Thursday, January 28, 2010

What is Drusy?

Drusy, often spelled "Druzy" is a layer or crust of tiny crystals on the surface of a rock. Most often it is found in a crevice or on the inside surface of a geode. I suppose it could be any kind of crystal, but usually it is referring to quartz crystal.
Drusy has become very popular in recent years as a cut, jewelry stone. A section of the drusy bearing host rock is cut out and shaped, usually with a flat back, similar to the way a cabochon is made. The drusy crystals on top are left intact. In the example on the left, the host rock around the edges has been polished. Sometimes the Drusy goes right up to the edges.

The drusy is sometimes clear quartz and sometimes amethyst or citine. Most often though, the crystals have been treated in some way to change or enhance the color. The majority of druzy is naturally a dull grey color. One common technique coats the crystal with another metallic element such as titanium or cobalt to give the drusy a really sensational look! The picture below is a titanium coated druzy.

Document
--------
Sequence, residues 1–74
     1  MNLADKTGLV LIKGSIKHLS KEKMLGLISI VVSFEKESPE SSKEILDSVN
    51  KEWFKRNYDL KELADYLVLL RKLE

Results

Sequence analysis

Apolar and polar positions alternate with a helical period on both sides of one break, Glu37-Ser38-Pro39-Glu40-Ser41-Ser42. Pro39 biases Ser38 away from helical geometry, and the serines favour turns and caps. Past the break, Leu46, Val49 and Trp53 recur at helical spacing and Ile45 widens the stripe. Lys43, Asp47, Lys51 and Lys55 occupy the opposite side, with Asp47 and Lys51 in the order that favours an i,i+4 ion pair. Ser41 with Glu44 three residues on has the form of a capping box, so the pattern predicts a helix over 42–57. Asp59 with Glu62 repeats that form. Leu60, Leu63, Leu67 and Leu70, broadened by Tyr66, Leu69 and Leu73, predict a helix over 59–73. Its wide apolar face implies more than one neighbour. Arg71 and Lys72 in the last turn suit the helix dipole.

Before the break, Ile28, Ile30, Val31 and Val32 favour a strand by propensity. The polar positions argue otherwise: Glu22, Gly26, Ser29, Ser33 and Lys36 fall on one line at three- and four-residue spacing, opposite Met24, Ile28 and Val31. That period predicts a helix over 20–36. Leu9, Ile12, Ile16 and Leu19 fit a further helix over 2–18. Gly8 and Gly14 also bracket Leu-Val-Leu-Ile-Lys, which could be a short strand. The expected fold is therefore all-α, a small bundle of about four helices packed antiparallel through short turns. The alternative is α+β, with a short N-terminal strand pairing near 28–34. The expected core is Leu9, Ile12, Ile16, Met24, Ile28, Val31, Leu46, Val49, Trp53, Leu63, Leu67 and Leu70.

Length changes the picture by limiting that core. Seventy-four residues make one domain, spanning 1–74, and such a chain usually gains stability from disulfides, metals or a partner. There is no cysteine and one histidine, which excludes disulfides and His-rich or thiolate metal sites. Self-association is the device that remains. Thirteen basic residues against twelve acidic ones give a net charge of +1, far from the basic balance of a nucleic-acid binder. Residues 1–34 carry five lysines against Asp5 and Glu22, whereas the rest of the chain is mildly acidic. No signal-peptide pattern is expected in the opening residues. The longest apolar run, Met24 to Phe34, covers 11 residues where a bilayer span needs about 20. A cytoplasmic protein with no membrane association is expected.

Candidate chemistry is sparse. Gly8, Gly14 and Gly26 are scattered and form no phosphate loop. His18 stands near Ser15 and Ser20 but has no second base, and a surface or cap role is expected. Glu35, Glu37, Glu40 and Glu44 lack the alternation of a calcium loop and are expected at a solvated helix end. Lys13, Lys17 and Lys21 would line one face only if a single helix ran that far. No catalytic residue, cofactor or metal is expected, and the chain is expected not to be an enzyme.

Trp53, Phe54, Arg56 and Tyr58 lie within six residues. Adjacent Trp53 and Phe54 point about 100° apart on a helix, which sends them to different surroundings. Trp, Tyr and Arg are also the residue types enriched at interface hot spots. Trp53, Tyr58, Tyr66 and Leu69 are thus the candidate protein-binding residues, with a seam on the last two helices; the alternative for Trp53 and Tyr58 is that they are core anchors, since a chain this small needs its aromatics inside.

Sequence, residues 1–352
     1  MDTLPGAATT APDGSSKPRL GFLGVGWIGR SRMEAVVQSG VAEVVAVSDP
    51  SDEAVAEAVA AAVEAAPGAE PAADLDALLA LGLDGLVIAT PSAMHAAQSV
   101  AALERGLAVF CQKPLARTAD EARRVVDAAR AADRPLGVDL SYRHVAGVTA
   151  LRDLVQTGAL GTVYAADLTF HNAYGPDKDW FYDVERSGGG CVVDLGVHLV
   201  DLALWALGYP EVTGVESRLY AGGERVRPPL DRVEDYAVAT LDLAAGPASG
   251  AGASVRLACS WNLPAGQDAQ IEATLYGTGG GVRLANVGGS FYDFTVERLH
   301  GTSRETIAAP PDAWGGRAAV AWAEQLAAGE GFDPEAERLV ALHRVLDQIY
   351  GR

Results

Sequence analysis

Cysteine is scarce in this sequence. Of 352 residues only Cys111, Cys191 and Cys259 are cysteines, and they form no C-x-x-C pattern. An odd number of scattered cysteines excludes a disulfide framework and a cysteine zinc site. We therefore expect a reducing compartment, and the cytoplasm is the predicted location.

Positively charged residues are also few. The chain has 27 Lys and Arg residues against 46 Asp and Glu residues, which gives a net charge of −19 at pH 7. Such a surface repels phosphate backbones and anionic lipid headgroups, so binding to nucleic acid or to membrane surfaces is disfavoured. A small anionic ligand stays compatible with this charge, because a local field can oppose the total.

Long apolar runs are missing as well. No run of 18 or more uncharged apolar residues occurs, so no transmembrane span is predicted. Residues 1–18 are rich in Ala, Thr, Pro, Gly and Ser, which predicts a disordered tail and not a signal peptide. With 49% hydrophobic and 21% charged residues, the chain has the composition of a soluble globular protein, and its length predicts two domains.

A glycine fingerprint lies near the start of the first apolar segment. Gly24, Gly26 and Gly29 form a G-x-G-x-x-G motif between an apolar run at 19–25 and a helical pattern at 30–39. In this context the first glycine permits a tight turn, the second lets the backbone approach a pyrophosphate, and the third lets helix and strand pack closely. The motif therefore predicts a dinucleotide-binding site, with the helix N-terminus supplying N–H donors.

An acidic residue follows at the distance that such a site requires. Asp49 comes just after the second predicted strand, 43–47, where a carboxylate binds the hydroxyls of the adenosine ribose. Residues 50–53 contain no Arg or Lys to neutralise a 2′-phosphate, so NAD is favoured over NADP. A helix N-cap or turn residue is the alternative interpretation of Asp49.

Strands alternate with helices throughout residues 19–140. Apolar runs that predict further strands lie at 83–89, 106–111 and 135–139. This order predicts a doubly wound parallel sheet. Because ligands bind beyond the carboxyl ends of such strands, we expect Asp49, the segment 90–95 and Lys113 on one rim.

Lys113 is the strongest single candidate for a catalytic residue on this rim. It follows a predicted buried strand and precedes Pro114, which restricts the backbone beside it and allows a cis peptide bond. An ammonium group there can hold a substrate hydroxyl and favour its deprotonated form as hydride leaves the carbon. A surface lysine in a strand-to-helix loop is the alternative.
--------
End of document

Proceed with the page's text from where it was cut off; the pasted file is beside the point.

This permanent treatment is done in a vacuum chamber and can be very difficult to do properly. Other times the material is dyed or is otherwise diffused with color.
The finished stones can be set in jewelry with a bezel or prongs. They also make great wire wrapping subjects. Drusy gemstones make great jewelry stones . They are usually quite durable and definitely are real attention grabbers.

Tuesday, January 05, 2010

Fossil Coral

One of my favorite gemstone materials is fossil coral. The flower-like patterns in the stone are amazingly intricate and beautiful. It is the fossilized remains of prehistoric corals. Most that I've seen comes from the mountains of Indonesia. As there are many different species of coral, there are different patterns of fossil coral available. There are also different colors. A light tan seems to be the most common but there is also dark brown, reddish brown, black and gray as well as some that is multi-color or banded. Most is opaque, but I've seen some translucent specimens.

Generally, stones with crisp, clear detail are more expensive. More unusual or attractive coloring also influences value. It is availabe as cabochons or beads.